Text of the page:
Lenovo's new Yoga Book replaces the keyboard with an e-ink screen

A tale of two tablets.

Last year, Lenovo surprised us with a novel concept. What if there was a laptop the size of a tablet with a touch-sensitive surface in place of a keyboard? That notion birthed the Yoga Book, a tablet-digitizer hybrid that had a 10-inch display on one side and a smooth, flat surface facing it. Long story short, we were excited about the premise, but ultimately disappointed by the terrible typing experience on what the company called its Halo keyboard.

So forgive me for being a bit apprehensive about Lenovo's second attempt. The company is launching the new Yoga Book C930 here at IFA 2018, which replaces the touch-sensitive panel with an e-ink display. This gives it far more functionality than its predecessor in addition to just being a keyboard replacement. The company also (thankfully) ditched a feature from the original that let you write on paper atop the Halo keyboard and have it show up in the OS, which was interesting but often unwieldy. From my experience with a demo unit, the Yoga Book C930 appears to be a good attempt from Lenovo at trimming some fat and adding useful tools, but it still feels like a novelty.

But first, that new e-ink screen. The first thing it can do is pretend to be a keyboard. It'll show black-and-white keys that "depress" when touched, and the device vibrates to provide haptic feedback. There's also a touchpad that hides until you press a button to use it, and it appears over the space bar. The whole experience still felt surreal, and didn't seem like a reliable solution to get serious typing done, but it's certainly an improvement over the original Halo keyboard, which doesn't even have the decency to fake a depression.

I didn't spend too much time typing on the Yoga Book C930, because there was more the e-ink panel could do. Lenovo may have ditched the paper integration from the original device, but it will still let people take handwritten notes on the new Book.

Tap the function button on the top right, and the e-ink screen switches over to a notepad mode. You can write on the screen with an included stylus, and the system will not only save your sketches, but also translate them into text that you can copy and paste over into the primary display. I scrawled the nonsensical phrase "Engadget hello!" on the e-ink slate and pressed a key to convert it into text. The Yoga Book accurately interpreted my handwriting, showing the phrase in a little window on the main screen. I then copied and pasted it over to a PowerPoint slide. Pretty nifty.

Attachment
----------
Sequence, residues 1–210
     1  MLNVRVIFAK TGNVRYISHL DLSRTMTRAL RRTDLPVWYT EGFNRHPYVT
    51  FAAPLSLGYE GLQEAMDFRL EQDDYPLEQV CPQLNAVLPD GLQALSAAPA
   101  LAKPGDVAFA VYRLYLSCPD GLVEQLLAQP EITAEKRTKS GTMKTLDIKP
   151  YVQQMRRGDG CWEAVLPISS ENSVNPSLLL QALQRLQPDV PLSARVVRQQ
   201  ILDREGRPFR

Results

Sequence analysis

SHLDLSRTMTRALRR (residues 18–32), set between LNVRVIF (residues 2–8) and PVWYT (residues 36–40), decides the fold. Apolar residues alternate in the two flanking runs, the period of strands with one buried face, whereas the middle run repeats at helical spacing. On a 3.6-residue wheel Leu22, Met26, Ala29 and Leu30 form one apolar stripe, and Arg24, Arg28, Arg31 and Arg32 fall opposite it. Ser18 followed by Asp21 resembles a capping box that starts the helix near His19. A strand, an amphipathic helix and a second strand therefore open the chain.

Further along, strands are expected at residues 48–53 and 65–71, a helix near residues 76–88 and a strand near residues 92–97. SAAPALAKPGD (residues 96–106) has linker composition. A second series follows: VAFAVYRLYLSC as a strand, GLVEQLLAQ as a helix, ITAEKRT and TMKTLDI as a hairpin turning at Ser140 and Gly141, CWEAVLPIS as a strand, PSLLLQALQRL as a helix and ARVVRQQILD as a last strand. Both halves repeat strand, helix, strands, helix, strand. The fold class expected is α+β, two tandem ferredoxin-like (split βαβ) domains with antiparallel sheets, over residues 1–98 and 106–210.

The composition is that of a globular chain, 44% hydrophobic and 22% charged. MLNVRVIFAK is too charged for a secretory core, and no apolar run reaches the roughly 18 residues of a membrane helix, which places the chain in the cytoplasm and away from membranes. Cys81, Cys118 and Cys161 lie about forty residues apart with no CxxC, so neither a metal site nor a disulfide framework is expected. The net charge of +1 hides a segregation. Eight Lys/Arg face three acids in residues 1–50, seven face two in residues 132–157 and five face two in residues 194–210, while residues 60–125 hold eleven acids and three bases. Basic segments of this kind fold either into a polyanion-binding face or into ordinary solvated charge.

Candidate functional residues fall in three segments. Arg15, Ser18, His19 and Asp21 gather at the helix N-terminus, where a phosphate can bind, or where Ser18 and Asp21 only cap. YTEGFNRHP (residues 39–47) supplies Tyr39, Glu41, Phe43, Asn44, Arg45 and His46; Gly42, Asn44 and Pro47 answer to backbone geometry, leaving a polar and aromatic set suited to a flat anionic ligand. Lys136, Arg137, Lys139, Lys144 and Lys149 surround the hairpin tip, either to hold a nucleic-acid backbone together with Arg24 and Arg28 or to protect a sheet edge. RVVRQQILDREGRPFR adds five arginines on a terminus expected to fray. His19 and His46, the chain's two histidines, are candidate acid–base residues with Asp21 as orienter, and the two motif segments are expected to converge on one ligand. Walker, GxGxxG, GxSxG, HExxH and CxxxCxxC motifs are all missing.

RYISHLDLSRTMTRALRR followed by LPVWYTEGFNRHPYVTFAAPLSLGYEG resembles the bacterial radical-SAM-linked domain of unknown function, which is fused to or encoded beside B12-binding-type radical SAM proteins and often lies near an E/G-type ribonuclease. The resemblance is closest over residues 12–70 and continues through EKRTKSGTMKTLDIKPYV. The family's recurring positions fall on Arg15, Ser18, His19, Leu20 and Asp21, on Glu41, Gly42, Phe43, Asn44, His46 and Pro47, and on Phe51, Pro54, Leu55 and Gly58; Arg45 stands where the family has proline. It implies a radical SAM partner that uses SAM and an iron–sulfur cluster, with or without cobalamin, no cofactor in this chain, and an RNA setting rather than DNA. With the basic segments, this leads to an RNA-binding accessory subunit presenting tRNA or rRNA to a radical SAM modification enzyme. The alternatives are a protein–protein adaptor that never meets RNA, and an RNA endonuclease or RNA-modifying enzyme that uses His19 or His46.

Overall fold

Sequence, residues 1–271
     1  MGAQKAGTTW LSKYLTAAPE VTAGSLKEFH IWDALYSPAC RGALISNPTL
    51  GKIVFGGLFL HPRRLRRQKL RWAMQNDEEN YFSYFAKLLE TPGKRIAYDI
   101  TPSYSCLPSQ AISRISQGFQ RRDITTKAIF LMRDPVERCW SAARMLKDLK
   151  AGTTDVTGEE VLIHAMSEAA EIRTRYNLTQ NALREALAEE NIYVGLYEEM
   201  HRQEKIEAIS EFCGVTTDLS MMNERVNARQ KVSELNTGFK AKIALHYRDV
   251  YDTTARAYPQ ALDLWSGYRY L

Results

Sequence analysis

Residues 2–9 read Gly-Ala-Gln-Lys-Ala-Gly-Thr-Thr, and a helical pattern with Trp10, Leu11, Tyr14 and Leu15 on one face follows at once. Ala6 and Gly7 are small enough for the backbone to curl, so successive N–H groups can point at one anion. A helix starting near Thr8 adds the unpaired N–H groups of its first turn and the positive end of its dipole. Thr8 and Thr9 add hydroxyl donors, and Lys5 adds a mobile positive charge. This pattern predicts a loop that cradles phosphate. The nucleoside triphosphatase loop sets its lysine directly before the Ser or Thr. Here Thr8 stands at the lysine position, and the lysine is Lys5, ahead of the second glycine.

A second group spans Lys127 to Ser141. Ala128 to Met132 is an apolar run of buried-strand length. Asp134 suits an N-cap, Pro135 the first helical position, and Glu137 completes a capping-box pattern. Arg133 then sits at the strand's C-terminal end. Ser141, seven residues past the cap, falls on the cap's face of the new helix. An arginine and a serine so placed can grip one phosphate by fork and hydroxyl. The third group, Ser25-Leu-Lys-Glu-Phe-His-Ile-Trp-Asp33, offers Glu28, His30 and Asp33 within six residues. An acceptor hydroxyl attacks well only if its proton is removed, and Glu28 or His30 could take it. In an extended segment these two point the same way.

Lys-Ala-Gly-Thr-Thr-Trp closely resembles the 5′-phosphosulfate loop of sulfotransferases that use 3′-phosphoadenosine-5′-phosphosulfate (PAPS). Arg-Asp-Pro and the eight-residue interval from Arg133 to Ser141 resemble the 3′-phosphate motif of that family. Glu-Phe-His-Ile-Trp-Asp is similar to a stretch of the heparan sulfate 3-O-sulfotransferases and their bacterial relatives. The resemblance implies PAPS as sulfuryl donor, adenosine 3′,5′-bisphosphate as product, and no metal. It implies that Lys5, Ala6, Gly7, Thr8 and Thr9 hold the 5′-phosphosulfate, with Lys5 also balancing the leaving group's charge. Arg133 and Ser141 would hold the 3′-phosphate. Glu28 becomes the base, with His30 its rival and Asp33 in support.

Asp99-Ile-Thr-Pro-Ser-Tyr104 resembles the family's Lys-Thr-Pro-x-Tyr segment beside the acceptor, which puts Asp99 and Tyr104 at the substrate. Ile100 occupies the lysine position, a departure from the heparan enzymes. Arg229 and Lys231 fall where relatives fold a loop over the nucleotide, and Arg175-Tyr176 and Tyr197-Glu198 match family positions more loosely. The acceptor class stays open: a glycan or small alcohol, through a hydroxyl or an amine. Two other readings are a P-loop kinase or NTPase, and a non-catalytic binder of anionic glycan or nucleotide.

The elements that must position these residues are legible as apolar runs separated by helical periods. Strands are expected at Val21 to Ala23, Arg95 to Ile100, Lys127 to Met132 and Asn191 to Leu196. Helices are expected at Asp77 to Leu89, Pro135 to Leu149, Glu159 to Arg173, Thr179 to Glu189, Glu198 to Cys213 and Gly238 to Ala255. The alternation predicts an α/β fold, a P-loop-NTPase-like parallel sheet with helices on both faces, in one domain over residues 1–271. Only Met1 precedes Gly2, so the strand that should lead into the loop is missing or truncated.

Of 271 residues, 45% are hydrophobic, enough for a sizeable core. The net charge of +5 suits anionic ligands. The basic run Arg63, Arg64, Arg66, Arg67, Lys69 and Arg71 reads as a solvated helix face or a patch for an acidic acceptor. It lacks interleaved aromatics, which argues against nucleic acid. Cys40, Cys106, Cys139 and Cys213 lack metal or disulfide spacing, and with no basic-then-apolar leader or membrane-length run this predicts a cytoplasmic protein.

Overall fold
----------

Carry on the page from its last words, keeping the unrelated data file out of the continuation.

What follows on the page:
Of all the things the Yoga Book's e-ink screen can do, the most useful is its new e-reader talents. You can load up PDF documents and read them on the black-and-white screen even when the rest of the Yoga Book is asleep, which will last longer than typical full-color tablets. For now, it doesn't support popular eBook formats like .epub and .mobi, though the company said it's adding compatibility for those and text files early next year. Gestures like pinch to zoom worked on my demo unit, but I noticed some lag.

I'm curious to see how the Yoga Book C930 will perform in the real world, considering the past attempts (and complete failures) of previous e-ink phone and case companies. I'm sure the Yotaphone makers have some stories to tell.

That delay is most likely a result of the e-ink screen refreshing itself slower than I'm used to on full-color touchscreens rather than processor incompetence. The Yoga Book is outfitted with seventh-generation Intel Core i5 or m3 cards with integrated HD 615 graphics, which should be powerful enough if you're not planning on hardcore gaming. The 10.8-inch tablet was responsive during my hands-on, running Windows 10 apps smoothly. The Yoga Book doesn't come in Android or Chrome OS flavors like its predecessor does, though I wouldn't be surprised if Lenovo eventually offers those. The color LCD screen runs at a 2,560 x 1,600 resolution while its e-ink counterpart comes in Full HD, Lenovo estimates you'll get 8.6 hours of battery life.

I still dig the Yoga Book's compact design -- it's impressively thin and light for being basically two devices in one. There's a fun new feature where the device pops open if you knock on the top lid twice, making it slightly easier to fully unfold, too. I also applaud Lenovo for continuing to work on and improve the Yoga Book series despite generally critical reviews at first.

But with a third-generation device already announced, the Yoga Book C930 is outdated before it even hits shelves in October. And at a starting price of $1,000, there's a high risk of buyers' remorse. The dual-screen Yoga Book still seems about a year away, though. If you simply must have this e-ink-full-color-tablet-on-tablet mashup or like the idea of an e-reader that also has a color companion, by all means, spend your $1,000 on the new Yoga Book. As much as I'd like to encourage Lenovo's efforts, I'm holding out (and saving up) for the next-gen version.

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Camera: Brian Oh
Editor: Kyle Maack

Tri-purpose e-ink screen

A competent tablet on the other side